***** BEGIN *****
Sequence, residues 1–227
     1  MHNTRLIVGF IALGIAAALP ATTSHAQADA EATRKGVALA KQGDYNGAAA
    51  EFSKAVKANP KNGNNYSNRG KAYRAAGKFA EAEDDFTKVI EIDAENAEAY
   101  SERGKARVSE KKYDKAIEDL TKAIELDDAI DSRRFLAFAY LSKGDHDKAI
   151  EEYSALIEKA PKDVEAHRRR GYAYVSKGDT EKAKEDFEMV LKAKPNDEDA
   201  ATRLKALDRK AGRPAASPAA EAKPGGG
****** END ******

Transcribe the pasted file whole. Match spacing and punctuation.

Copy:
Sequence, residues 1–227
     1  MHNTRLIVGF IALGIAAALP ATTSHAQADA EATRKGVALA KQGDYNGAAA
    51  EFSKAVKANP KNGNNYSNRG KAYRAAGKFA EAEDDFTKVI EIDAENAEAY
   101  SERGKARVSE KKYDKAIEDL TKAIELDDAI DSRRFLAFAY LSKGDHDKAI
   151  EEYSALIEKA PKDVEAHRRR GYAYVSKGDT EKAKEDFEMV LKAKPNDEDA
   201  ATRLKALDRK AGRPAASPAA EAKPGGG